Poking About in Bradford's past portraits
A new Bradford exhibition includes portraits of the city's residents chosen from 17,000 forgotten glass negatives recovered from a cellar.
The cellar contained pictures taken by the Belle Vue Studios that opened in 1926 on Manningham Lane.
The studio thrived as the city's new immigrant communities wanted pictures to send back "home" of life in the UK.
Jeremy Deller, a Turner Prize-winning artist, curated the Poking About exhibition.
Mr Deller said: "These pictures show the richness of Bradford.
"The pictures are very striking, often very formal and show an important part of the subjects' lives."
Many of the pictures are of people in work uniforms or with the tools of their trade.
Mr Deller said he had "ploughed" through thousands of contact sheets and selected 50 of his favourite pictures.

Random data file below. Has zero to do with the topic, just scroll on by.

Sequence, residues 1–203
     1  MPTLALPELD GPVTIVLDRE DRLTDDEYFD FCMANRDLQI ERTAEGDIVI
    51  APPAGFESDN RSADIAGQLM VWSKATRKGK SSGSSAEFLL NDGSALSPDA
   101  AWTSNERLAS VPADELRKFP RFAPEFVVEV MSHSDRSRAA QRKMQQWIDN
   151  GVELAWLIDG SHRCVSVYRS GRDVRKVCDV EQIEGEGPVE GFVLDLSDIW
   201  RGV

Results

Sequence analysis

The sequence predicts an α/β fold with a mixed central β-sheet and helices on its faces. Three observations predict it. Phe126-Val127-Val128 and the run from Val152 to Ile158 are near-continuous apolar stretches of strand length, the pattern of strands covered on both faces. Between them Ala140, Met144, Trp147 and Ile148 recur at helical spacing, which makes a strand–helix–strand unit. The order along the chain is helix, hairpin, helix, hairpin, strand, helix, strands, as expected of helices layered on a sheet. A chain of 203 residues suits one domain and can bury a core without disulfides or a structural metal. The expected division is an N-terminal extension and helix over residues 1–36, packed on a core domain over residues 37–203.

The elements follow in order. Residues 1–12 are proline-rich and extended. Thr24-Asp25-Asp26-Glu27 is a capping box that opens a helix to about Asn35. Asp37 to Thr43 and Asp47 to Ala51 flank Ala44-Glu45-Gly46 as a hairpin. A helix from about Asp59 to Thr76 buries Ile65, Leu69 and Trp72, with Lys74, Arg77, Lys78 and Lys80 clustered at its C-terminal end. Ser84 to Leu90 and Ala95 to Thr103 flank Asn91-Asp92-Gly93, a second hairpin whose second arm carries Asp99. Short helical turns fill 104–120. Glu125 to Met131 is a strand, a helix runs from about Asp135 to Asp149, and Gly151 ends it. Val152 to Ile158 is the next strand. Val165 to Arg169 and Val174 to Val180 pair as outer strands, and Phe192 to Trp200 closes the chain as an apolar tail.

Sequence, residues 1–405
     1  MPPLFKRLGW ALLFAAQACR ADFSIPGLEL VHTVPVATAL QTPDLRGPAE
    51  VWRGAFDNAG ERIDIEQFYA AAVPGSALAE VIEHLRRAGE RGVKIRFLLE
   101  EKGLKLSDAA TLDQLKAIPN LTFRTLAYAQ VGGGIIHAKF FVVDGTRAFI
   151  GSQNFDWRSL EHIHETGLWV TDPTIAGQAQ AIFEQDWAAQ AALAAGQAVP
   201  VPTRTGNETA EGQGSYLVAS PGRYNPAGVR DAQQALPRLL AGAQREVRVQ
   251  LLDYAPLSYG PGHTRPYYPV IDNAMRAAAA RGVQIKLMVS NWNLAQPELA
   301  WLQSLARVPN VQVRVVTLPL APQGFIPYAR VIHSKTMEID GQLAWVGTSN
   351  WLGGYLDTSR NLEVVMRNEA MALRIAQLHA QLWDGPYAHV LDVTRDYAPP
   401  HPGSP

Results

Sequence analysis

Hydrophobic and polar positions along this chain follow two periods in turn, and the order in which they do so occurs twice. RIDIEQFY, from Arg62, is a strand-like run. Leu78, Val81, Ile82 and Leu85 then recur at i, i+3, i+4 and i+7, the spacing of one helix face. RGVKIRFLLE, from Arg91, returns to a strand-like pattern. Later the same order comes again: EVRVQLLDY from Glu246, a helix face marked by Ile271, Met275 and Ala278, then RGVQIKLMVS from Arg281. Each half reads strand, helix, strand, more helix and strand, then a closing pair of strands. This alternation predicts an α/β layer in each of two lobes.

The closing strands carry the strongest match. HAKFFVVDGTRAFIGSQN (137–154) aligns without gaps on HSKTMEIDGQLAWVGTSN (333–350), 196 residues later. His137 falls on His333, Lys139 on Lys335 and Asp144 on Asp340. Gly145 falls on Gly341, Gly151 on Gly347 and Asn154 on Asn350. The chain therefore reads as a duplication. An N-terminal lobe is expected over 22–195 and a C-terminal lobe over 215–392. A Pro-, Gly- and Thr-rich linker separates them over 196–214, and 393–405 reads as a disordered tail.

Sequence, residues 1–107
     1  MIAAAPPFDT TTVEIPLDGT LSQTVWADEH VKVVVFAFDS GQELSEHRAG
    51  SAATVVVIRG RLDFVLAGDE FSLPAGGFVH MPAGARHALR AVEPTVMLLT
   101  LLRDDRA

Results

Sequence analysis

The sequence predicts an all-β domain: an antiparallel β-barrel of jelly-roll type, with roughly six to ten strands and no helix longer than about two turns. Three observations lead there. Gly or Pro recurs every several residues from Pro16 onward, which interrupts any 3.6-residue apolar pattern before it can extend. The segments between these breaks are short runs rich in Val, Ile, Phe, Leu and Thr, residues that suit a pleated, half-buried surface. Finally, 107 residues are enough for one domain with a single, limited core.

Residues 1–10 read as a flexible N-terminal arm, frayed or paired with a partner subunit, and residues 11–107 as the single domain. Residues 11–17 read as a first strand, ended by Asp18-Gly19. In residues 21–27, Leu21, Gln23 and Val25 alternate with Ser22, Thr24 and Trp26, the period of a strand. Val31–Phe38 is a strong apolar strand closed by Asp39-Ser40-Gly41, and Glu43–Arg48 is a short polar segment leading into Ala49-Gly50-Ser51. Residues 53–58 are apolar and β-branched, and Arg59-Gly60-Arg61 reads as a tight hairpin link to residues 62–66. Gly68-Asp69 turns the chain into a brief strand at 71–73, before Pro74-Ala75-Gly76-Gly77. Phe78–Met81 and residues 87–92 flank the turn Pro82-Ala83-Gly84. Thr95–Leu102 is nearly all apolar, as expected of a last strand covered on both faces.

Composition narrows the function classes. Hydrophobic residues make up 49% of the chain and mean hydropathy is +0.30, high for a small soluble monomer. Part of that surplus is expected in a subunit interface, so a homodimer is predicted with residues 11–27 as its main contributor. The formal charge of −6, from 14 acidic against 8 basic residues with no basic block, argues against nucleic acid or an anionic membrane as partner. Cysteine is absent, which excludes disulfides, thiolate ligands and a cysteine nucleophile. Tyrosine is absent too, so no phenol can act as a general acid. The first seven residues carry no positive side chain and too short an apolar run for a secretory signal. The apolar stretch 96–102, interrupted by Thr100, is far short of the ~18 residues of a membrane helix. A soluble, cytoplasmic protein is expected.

When the Belle Vue Studios closed in 1975 many glass negatives were simply thrown away but thousands were left in the cellar.
About 17,000 of these fragile glass negatives, dating from the 1950-70s, were later retrieved and are now stored in the archives of Bradford Museums.
Many of the photographs in the exhibition are being shown for the first time and include exhibits from private donations and the local Bradford Telegraph and Argus newspaper.
The earliest pictures on show date from the Victorian age.
Pictures from the Bradford Heritage Recording Unit, which documented the people and places of Bradford from 1983 to 2003, are also on display.
The exhibition, part of the Ways of Looking photographic festival, will be held at Bradford 1 Gallery from Friday until Sunday, 27 November 2011.